Researchers Go Wild for Ancient Genetic Gain

Kansas State University researchers are on the hunt for wild and novel genes from wheat’s ancestors, funded by the Kansas Wheat Alliance. Introducing the genes they find back into modern day wheat varieties will help Kansas farmers compensate for environmental factors and produce higher yielding and even higher quality crops, according to K-State wheat breeder Allan Fritz.

“Genetic diversity is the foundation of all genetic improvement and the introduction of new genetics is critical to sustained success,” Fritz wrote in his research proposal. “What we already have in wheat is good, but there are a lot of genes out there that could have tremendous value, and we want to explore those.”

Wheat’s Origin Story

To understand why wheat has such a treasure trove of genetic possibilities, one must understand how wheat itself evolved.

“Wheat originated nearly 10,000 years ago in the ‘cradle of civilization,’ a geographical area that is now Iraq, eastern Syria, southwestern Iran and southeastern Turkey,” according to the Kansas Foundation for Agriculture in the Classroom’s Kansas Crops Educator’s Guide. “Wheat’s earliest ancestors – wild einkorn and emmer – were among the first plants cultivated by people.”

That is the when, but hybridization is the how. According to the National Human Genome Research Institute, “hybridization is the process of combining two complementary single-stranded DNA or RNA molecules and allowing them to form a single double-stranded molecule through base pairing.”

Wheat's Family Tree.

Wheat’s Family Tree.

In simpler terms, genetic pieces of cultivated emmer (Triticum dicoccum) mixed with genetic pieces of goatgrass (Aegilops tauchii) and the result was an entirely new species – Triticum aestivum, or bread wheat.

To further complicate wheat’s family tree, another hybridization occurred even earlier in emmer’s development – 300,000 to 500,000 years ago. Wild diploid wheat (Triticum urartu) and a type of goat grass (Aegilops speltoides) combined to form wild emmer (Triticum dicoccoides), which evolved into cultivated emmer.

Both of these hybridizations created an extremely complex genome for wheat. The wheat genome is actually five times more complex than the human one. But, for researchers willing to pick and sort through all that genetic material, the boons are seemingly infinite.

“This work will allow us to develop a broad germplasm base for the K-State breeding program well into the future while allowing us to explore unique germplasm for critical traits including biomass, yield, disease and insect resistance, heat and drought tolerance and quality traits, “Fritz wrote in the research proposal.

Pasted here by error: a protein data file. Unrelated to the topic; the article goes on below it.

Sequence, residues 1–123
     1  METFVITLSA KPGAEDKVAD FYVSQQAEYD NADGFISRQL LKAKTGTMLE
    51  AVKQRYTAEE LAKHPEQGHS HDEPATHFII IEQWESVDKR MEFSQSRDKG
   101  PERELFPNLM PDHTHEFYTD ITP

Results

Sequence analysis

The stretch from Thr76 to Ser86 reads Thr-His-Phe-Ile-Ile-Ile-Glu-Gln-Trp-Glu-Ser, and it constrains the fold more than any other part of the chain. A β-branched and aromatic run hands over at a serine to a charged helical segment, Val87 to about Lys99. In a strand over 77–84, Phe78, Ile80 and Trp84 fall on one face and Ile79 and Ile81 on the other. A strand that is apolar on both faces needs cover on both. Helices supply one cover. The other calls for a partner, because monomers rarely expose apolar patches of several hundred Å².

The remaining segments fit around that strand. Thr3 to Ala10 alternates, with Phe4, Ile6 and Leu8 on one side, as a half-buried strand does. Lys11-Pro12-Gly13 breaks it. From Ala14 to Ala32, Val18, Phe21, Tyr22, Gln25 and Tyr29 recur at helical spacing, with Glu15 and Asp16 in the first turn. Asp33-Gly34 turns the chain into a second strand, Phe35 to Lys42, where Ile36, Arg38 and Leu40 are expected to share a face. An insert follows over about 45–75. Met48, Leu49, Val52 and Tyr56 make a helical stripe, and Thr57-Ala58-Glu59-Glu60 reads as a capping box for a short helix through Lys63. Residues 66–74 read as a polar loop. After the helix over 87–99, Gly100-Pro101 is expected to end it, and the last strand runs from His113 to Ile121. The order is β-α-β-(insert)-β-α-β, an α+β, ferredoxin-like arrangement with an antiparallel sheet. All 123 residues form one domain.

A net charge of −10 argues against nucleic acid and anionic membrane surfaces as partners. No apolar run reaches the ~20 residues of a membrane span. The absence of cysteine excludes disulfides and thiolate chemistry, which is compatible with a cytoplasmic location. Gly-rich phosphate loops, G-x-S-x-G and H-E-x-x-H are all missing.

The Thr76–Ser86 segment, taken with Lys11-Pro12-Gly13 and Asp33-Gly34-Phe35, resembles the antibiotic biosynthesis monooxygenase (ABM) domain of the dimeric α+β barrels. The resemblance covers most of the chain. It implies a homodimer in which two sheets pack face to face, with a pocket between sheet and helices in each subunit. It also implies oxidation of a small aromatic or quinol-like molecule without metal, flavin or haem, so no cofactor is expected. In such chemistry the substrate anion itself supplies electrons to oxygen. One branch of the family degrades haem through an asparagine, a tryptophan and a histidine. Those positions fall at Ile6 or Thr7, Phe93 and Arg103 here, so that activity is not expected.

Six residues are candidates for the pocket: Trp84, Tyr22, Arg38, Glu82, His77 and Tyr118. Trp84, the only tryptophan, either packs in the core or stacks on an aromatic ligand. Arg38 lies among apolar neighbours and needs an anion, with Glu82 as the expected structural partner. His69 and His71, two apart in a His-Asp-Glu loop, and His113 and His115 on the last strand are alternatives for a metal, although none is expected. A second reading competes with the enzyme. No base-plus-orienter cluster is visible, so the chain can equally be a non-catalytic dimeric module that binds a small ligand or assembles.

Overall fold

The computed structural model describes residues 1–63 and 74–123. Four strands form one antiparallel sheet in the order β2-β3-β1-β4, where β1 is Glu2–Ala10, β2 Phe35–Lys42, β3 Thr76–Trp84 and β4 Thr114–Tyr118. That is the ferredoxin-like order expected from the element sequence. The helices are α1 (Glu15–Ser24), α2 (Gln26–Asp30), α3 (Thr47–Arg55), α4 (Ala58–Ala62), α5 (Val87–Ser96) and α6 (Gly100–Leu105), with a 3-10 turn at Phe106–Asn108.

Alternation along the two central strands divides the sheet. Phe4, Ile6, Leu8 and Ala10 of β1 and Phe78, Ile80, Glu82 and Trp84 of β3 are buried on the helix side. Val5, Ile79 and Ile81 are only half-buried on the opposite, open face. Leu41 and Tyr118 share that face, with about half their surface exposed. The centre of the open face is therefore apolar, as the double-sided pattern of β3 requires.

X Marks the Spot

Aegilops Tauschii, an ancient relative of modern bread wheat, growing in the greenhouse at the Kansas Wheat Innovation Center.

Aegilops Tauschii, an ancient relative of modern bread wheat, growing in the greenhouse at the Kansas Wheat Innovation Center.

But, how does a researcher even locate a sample of wheat’s ancient relatives, let alone track down the novel alleles, or specific parts of a gene located at a specific position on a specific chromosome, that will result in such a huge benefit? The collaboration at the Kansas Wheat Innovation Center plays a critical role.
In addition to university researchers, the Kansas Wheat Innovation Center also hosts the Wheat Genetics Resource Center. This gene bank that houses more than 2,500 wheat species accessions, each of which is a unique genetic combination like the millions of differences from one human child to another. Additionally, the Wheat Genetics Resource Center has more than two dozen scientists dedicated to turning those wild wheat relatives into usable genes.

The Wheat Genetics Resource Center can help Fritz identify the novel genes from wheat’s wild relatives, but the relationship with Heartland Plant Innovations is key to getting them into a form that Fritz can use in his breeding program. Heartland Plant Innovations – public/private collaboration between Kansas Wheat, Kansas State University, the University of Kansas and private investors – can use doubled haploids to speed up the process and make those genes more accessible to Fritz for crossing. Then, Fritz can cross the wild relative lines into existing wheat varieties as well as introduce them into experimental lines waiting to become the next great K-State wheat variety.

“This collaborative piece makes K-State unique. There are a lot of people who work on wheat here and we work together well,” Fritz said. “Equally important is our ability to work well with the Kansas Wheat Commission and Kansas Wheat Alliance.”

After all, Kansas farmers will be the ultimate beneficiary of researchers’ hard work with new varieties armed with ancient genes to minimize environmental damage, maximize yield and even enhance quality.

By Julia Debes, Kansas Wheat